Pride and Prejudice

by: Jane Austen

Chapters 35–42

1
The situation of your mother’s family, though objectionable, was nothing in comparison of that total want of propriety.
2
She grew absolutely ashamed of herself. Of neither Darcy nor Wickham, could she think, without feeling that she had been blind, partial, prejudiced, absurd.
3
I have courted prepossession and ignorance and driven reason away, where either were concerned. Till this moment I never knew myself.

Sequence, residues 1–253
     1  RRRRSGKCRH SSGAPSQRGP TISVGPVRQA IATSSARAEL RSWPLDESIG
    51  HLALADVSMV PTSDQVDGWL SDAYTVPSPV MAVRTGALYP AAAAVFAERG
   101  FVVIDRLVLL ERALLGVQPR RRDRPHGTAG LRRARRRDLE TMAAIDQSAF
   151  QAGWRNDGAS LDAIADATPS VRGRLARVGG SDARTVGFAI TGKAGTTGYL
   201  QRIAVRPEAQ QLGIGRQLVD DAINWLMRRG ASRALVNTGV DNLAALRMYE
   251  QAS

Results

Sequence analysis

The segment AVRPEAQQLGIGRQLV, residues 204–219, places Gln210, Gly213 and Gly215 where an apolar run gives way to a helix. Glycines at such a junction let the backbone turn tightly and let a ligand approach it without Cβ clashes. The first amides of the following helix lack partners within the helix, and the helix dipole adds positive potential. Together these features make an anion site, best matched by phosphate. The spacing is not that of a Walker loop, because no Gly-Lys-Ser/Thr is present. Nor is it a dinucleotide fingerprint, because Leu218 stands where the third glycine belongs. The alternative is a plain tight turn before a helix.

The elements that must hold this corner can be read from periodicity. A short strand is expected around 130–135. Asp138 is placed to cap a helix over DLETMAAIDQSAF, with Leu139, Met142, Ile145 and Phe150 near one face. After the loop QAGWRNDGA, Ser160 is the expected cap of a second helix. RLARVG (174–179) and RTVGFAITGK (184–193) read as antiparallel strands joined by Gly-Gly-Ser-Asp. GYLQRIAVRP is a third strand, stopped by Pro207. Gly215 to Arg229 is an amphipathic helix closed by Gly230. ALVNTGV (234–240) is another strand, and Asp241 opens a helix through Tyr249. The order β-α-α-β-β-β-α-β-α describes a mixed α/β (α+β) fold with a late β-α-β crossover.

4
In her own past behaviour, there was a constant source of vexation and regret; and in the unhappy defects of her family, a subject of yet heavier chagrin.
5
Lydia will never be easy until she has exposed herself in some public place or other, and we can never expect her to do it with so little expense or inconvenience to her family as under the present circumstances.